Generally, raises of significance for tenured professors are tied to published and referenced work, as well as grant awards and patents. It should be easy to make a case for a raise as long as he's done his job...
Not that I'm aware of. It isn't clear if this is his failure to make them happy or just the circumstances of the market place and that they know he is trapped by tenure.
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Old 04-05-2019, 09:39 PM
 
3,298 posts, read 853,057 times
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Quote:
Originally Posted by Mr.Hospitality View Post
Anyone competent has those things. It's not very unique.
Ha!
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Old 04-06-2019, 01:38 AM
 
Location: Eugene, Oregon
9,152 posts, read 3,005,463 times
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I had a friend who had taught at our university, but was denied tenure because of department politics. The other professors didn't want any more positions to be taken by someone with his specialty. However, he was very well-known in his field and had published several major books and research papers. Although he was no longer a faculty member, large amounts of research funding still came to him and the university, because they wisely gave him an office and secretarial services. He spent his entire career there and was a whole research institute, all by himself, with greater earnings from his sponsors, than any regular professor.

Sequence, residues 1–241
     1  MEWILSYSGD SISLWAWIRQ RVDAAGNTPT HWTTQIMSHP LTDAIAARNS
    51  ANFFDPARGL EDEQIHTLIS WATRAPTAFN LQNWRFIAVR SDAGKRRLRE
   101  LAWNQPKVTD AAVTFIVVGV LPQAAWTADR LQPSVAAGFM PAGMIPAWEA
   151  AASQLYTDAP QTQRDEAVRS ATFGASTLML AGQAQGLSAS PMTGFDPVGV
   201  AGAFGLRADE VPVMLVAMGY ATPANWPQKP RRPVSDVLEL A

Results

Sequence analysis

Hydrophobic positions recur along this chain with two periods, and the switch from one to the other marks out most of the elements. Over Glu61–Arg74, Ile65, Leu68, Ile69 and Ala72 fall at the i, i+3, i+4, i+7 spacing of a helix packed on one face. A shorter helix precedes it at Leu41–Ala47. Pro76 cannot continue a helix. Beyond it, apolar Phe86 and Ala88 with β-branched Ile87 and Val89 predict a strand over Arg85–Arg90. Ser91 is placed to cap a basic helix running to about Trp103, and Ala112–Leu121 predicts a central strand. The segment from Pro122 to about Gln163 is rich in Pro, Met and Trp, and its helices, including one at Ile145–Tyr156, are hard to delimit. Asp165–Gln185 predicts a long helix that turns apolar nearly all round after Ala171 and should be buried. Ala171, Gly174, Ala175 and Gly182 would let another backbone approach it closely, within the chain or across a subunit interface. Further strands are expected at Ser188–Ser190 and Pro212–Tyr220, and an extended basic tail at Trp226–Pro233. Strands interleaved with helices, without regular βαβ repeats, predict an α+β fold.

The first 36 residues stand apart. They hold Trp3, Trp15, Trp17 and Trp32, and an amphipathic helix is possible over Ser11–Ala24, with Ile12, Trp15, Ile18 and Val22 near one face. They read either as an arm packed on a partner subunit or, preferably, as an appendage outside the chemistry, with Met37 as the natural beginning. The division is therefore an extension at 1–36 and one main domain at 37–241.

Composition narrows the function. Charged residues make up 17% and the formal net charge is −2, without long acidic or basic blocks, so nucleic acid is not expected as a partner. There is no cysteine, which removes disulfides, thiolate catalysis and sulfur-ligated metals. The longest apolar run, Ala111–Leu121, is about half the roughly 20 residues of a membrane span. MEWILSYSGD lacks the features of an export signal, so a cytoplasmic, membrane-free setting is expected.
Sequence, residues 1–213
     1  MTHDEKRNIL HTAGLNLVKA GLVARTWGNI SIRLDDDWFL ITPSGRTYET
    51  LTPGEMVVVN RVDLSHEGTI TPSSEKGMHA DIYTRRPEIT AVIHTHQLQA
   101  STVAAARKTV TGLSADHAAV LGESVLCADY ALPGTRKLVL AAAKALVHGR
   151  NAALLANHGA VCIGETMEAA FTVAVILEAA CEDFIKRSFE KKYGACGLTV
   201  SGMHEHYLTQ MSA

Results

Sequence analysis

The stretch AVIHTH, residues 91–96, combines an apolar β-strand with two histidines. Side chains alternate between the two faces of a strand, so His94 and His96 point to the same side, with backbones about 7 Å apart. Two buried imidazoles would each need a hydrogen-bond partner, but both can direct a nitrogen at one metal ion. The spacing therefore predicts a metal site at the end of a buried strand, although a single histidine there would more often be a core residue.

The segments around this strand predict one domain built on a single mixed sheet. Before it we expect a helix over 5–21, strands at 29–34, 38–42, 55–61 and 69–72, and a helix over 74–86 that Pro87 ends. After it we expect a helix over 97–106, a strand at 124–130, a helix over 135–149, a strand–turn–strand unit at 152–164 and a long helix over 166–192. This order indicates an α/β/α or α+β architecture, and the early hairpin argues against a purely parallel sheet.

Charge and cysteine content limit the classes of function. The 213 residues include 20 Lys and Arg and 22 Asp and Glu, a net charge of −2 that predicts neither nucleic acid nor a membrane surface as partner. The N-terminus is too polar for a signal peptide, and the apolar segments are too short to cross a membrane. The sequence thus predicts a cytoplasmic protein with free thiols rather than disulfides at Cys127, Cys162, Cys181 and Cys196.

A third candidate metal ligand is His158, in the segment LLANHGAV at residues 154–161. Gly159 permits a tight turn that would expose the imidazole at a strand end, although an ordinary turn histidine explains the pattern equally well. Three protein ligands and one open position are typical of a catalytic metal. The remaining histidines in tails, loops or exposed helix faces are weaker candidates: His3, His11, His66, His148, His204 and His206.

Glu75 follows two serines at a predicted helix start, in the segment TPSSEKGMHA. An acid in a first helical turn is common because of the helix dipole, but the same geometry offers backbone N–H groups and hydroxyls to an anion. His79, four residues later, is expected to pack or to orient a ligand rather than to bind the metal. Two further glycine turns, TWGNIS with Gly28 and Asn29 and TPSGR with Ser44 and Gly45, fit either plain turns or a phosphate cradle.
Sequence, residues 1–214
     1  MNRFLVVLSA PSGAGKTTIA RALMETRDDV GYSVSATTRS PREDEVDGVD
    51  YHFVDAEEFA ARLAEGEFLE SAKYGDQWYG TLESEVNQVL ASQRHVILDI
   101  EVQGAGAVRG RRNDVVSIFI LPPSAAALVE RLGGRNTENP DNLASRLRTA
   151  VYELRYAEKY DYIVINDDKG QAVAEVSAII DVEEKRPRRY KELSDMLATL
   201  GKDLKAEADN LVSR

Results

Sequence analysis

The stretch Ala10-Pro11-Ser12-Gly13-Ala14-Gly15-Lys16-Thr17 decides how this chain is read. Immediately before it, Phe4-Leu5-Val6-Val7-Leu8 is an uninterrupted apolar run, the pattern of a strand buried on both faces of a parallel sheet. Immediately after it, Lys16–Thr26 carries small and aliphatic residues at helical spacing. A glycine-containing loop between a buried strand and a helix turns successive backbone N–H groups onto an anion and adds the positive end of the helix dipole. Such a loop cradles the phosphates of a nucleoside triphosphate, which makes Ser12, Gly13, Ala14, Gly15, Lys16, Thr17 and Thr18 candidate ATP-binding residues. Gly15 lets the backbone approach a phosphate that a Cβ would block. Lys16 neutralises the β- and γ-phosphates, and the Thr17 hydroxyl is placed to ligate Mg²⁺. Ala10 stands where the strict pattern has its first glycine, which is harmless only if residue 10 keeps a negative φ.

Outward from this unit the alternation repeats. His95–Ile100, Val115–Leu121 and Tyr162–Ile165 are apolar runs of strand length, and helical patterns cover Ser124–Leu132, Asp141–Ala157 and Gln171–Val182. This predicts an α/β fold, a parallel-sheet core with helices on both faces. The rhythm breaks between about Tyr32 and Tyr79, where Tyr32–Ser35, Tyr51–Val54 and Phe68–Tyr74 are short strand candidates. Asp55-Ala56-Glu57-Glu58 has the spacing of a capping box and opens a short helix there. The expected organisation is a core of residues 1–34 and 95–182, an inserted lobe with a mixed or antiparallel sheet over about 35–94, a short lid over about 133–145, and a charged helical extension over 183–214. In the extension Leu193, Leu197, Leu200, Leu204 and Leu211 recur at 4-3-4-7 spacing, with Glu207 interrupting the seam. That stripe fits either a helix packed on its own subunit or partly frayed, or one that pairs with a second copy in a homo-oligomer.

There was also another friend there, who came from a foreign country (one of our major enemies) and although they wouldn't give him tenure as a professor, he was so knowledgeable about his homeland and had so many sources and contacts there, he also was given office space, research assistants, etc. He published a lot in his field and brought big grant money to the school. He and my first friend became close friends, even though they were on opposite sides of a religious/cultural feud that had lasted over a thousand years.

I think that most universities have a collection of semi-invisible, resident scholars like those two, who are an important part of academia, although they get little public acknowledgement for it. They typically give their research activities the names of independent institutes, to enable the receipt of grants and to have an official status.